Dorothy Parker

1893 - 1967

Playwright, poetess remembered for her wit.

Dorothy Parker is remembered for her wit. Wit can be put to any number of uses - for her, it was peculiarly functional. She was a member of a circle (a Round Table, in fact, which would convne sporadically at the Algoquin Hotel in New York) whose members made a living from their wits. The cheques for Parker's came first from Vogue, then from Vanity Fair, where, often under pseudonym of Constant Reader, she became renowned for her damning reviews of plays and books - Sinclair Lewis, in particular, came in for brutal drubbings.
But money was not the only object. She had to survive mentally as well. She was the only woman of this circle (Edna Ferber would pop in, but even she was too gushy for Parker) and was often stigamtised for wanting to be a man. She later confessed that if the age had demanded cuteness, she would have been cute. But she was the harshest of them all. It is hard to smile at a Parker quip without simultaneously pitying its victim.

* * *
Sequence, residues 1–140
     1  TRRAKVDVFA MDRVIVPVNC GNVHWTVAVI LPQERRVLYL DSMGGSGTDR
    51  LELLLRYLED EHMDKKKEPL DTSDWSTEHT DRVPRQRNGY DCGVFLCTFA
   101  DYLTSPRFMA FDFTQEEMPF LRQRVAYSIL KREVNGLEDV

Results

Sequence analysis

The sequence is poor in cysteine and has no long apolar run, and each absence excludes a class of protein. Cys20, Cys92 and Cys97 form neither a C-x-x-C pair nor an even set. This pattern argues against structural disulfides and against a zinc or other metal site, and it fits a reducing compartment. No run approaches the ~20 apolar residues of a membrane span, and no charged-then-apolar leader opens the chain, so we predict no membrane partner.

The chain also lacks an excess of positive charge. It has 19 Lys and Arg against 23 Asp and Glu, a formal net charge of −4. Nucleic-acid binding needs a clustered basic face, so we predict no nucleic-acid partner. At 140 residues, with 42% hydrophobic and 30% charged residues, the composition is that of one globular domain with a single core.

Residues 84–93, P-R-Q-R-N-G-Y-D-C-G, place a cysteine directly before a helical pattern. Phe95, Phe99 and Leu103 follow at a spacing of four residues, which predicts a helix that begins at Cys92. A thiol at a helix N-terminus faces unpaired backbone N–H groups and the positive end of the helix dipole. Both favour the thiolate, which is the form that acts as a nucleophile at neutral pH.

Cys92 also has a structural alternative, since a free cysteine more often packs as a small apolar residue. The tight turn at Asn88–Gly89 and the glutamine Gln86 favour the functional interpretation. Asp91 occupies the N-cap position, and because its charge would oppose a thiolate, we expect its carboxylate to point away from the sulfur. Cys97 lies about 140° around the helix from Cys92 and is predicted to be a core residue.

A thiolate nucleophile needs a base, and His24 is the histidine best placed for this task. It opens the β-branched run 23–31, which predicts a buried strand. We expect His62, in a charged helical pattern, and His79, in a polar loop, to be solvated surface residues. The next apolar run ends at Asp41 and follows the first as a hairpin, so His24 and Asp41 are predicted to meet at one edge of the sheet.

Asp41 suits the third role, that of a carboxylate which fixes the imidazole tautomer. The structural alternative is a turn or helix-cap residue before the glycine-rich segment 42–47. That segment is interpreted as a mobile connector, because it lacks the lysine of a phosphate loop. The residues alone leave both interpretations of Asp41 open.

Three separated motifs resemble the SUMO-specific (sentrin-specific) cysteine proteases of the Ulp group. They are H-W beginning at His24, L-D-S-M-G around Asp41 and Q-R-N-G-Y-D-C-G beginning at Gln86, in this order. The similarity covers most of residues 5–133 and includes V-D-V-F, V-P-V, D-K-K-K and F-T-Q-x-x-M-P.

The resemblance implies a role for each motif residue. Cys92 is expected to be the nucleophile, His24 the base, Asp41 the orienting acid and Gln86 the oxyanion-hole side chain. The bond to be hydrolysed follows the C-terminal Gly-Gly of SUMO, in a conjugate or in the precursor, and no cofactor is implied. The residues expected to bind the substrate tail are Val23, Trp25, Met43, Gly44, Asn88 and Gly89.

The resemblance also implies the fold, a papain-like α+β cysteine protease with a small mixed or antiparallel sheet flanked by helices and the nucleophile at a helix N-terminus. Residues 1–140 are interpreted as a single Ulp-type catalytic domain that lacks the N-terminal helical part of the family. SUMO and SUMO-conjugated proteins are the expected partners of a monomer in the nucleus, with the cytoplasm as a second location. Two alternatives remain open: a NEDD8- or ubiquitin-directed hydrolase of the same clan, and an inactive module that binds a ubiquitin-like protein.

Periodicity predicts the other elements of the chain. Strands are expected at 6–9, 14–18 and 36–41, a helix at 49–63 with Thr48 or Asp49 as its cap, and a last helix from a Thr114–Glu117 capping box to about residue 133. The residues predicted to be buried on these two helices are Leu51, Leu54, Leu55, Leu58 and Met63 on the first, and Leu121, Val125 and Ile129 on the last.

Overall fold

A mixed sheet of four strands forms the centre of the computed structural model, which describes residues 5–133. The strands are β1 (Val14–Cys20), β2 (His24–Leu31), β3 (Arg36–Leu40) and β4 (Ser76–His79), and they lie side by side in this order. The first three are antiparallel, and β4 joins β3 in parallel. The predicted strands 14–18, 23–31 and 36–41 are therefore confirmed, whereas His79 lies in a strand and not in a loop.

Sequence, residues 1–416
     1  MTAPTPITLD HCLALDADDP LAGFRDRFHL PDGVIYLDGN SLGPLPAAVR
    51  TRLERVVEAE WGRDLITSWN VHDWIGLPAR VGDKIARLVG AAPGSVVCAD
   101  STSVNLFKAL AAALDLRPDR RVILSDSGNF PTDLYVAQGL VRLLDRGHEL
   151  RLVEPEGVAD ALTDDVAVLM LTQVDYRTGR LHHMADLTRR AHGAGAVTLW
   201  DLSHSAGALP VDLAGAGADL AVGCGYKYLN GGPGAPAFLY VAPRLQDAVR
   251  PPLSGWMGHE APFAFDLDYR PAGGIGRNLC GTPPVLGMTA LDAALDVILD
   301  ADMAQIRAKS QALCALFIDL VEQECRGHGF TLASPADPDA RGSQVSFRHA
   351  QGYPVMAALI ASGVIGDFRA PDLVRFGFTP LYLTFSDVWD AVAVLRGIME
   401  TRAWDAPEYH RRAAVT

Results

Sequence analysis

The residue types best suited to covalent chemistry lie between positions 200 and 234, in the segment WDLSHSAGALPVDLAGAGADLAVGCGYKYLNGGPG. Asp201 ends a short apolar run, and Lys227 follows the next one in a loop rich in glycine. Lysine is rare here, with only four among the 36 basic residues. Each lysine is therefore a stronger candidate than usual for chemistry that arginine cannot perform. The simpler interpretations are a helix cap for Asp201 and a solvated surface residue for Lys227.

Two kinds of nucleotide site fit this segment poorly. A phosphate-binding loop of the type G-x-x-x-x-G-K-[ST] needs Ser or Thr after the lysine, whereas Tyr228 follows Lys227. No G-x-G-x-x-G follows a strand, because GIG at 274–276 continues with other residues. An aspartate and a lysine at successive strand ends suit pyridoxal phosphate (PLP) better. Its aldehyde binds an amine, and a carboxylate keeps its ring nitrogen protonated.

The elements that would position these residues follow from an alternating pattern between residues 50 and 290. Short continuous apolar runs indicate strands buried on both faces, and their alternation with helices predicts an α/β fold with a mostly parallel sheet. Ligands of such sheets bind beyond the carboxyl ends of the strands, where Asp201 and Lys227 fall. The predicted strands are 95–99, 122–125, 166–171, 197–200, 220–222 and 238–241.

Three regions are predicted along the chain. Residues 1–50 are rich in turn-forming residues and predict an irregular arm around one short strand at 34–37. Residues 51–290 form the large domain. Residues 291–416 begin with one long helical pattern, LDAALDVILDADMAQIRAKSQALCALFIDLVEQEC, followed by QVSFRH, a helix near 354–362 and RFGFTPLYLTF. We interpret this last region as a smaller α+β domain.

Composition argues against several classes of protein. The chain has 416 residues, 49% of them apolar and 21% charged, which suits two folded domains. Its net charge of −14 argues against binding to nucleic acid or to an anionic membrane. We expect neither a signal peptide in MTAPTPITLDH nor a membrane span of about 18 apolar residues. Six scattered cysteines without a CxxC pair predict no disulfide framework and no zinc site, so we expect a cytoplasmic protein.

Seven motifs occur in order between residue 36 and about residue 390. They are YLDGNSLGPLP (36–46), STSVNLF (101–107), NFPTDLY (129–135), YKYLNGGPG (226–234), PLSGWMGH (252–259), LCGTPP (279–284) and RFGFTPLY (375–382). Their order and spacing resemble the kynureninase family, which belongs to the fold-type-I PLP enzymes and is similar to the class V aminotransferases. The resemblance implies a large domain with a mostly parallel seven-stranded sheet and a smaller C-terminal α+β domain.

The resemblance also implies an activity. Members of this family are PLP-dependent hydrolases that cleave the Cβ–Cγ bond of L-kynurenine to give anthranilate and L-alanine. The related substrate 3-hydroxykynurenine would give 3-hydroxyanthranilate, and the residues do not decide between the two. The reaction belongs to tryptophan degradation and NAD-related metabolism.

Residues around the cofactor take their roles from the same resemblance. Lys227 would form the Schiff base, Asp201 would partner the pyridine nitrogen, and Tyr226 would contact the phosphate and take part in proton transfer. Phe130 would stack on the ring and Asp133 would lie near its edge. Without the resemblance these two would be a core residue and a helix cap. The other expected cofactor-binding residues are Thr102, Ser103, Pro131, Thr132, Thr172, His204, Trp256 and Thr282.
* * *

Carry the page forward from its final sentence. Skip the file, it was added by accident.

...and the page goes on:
Ultimately Parker has a strong claim on our sympathies. Even in her comic verse (which she refused to call poems), she addresses the issue of suicide and the fallibility of relationships. The latter theme came to characterise her short stories. If the public manifestation of failed romances and a disturbed childhood was well-worded impatience, their private expressions were worse amorous entanglements , alcoholism, drug abuse and several suicide attempts. She survived these, too, but remained constantly aware that some things are not proper subjects for humour.


biography eassy on dorothy parker -- mla formet

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